If you have ever visited Spain on holiday and stayed in an apartment for the duration of your vacation, it is possible that you have been put up in an illegal tourist apartment.
It has been estimated that there are currently half a million of these apartments that are rented out temporarily to tourists when they come on holiday and which their owners are not paying any tax for.
This has been a constant complaint of Spain’s hoteliers and owners of legal tourist apartments who do pay tax.
For this reason, many regional governments have decided to increase the number of inspections they carry out and try and do something about the problem in order to appease those that are working legally.
This region probably has the greatest number of illegal apartments, most of which are contracted through the Internet. Approximately 30% of lodgings are now authorized holiday apartments, yet about 70% are not legitimate.
Nevertheless, two years ago the Government began a campaign to put things in order, but the process is incredibly slow and little headway has been made.
Notices were put up in all the town halls and businesses informing hotel and apartment owners that they had to register themselves on a list and pay a tourist tax of between 0,75 euro and 2,5 euro. Sanctions would be applied to those that didn’t register, and any website that advertised these illegal holiday apartments faced closure if caught.
After the actions of the Catalán government, now others have decided to take action. In Andalucía, a draft law is being prepared which will probably be implemented at the end of this season.
All accommodation establishments will have to register with the Tourism Board. Each one will be issued with an identification number which must appear on any publicity or promotional material.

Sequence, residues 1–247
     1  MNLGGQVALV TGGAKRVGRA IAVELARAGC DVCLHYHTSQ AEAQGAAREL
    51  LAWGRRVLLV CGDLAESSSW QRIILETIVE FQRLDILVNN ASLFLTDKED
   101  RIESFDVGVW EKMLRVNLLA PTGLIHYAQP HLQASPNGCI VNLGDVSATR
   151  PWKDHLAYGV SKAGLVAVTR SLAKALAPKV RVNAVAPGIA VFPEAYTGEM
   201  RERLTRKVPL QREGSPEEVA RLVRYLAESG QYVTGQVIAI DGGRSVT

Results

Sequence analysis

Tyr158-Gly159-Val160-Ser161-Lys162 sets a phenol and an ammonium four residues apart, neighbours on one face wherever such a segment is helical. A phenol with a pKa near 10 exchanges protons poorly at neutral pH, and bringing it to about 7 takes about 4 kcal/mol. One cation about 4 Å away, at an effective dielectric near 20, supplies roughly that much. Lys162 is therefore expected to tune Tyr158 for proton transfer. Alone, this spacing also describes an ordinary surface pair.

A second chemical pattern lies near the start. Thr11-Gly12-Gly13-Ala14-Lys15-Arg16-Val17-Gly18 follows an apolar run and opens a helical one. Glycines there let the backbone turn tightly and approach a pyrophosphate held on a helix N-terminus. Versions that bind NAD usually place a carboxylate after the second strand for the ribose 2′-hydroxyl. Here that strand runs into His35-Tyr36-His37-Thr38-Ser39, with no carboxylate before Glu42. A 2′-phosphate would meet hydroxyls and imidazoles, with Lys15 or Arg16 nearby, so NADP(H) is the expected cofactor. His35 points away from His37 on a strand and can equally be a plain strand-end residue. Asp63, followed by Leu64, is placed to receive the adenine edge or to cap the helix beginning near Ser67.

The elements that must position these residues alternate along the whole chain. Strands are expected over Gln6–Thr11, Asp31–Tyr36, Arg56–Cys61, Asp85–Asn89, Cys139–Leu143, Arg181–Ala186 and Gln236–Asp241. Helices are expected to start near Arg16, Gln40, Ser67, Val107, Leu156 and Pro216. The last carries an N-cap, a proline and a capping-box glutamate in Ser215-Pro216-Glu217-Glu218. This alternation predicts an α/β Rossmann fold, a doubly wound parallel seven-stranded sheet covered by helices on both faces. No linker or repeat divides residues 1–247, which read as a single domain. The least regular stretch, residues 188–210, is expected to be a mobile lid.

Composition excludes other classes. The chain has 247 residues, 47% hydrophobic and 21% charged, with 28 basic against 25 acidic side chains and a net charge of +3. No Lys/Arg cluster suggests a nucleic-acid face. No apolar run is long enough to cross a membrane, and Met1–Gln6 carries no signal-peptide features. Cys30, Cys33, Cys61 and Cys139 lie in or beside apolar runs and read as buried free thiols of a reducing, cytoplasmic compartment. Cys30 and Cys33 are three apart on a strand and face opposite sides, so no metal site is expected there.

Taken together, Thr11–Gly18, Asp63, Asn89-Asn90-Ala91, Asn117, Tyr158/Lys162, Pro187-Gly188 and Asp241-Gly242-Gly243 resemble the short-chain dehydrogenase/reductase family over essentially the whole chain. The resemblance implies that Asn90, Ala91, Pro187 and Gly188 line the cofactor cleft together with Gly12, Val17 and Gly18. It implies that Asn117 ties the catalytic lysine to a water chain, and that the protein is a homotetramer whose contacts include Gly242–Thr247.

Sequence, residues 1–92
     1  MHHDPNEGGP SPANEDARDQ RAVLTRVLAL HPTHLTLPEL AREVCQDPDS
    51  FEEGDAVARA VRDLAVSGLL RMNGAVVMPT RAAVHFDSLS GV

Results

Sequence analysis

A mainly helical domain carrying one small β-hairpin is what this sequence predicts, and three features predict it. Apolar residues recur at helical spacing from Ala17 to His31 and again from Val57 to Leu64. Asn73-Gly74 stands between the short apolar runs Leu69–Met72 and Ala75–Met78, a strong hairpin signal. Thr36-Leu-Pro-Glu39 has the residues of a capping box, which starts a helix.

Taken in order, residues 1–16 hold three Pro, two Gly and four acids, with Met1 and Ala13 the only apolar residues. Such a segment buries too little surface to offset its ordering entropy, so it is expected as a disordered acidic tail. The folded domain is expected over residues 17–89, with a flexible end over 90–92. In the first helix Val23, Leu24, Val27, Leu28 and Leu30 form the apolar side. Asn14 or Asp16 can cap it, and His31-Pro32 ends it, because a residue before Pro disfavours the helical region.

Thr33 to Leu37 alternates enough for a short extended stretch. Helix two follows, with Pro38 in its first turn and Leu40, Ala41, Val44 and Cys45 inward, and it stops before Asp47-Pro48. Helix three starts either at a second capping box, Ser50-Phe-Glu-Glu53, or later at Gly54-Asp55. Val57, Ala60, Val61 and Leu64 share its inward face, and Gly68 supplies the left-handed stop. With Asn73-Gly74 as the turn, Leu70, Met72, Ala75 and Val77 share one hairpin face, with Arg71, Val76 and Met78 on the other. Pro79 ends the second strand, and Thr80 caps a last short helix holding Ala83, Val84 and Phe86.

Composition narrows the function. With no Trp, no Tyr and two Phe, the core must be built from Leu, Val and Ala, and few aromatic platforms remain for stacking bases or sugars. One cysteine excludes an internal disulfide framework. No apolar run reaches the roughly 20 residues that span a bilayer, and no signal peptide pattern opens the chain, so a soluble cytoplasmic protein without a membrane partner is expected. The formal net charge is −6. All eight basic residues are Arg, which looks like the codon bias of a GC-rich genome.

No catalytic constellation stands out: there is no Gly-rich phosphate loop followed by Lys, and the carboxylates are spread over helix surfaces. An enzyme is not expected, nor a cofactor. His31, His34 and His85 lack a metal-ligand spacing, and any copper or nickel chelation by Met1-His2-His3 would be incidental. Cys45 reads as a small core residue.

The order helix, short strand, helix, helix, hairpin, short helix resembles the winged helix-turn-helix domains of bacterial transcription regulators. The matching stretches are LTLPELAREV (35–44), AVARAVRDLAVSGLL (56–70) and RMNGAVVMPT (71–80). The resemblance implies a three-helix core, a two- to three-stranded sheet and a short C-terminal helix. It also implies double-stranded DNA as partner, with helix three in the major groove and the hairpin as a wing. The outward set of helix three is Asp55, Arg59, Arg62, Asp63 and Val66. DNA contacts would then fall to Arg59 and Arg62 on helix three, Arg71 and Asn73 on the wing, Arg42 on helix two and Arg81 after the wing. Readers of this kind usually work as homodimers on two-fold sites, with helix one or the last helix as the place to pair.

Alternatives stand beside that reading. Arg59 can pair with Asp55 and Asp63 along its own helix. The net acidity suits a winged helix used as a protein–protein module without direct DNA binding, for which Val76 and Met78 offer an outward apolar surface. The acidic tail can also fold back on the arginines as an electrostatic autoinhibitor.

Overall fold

Those that do not comply will face fines of 2,000 – 150,000 euro.
The draft copy of this new law also states that each holiday apartment must comply with some minimum requirements, including rooms with windows that open to the outside fresh air, adequate air-con systems in apartments that are rented out between April and October, a first-aid kit and a fire extinguisher.
However, the regional government of Andalucía has also been applying sanctions already against illegal holiday let apartment owners. A close eye will be kept on the Costa del Sol in particular where it is estimated that they are 50,000 irregular establishments where the owners are not paying tax.
Madrid is also clamping down and has prepared a draft law which is likely to be passed next month. In it, it states that properties will have to be registered with the region after which they will be given a specific licence, and only can they then begin to rent out their properties. When this new regulation is passed, it is possible that letting out a single room will not be permitted and the whole property must be let out instead.
The hotel sector has pressurised the Balearic government into increasing the fines for those carrying out illegal lettings by seven times! Sanctions now oscillate between 2,000 and 150,000 euro.
This region has had a register for tourist apartments since 2009, but there are hardly any listed on there since it was not being enforced to do so.
The regional government is on a mission to uncover all illegal holiday-let apartments and is in the process of cross-referencing data with the tax office to see who is registered as a business and who isn’t.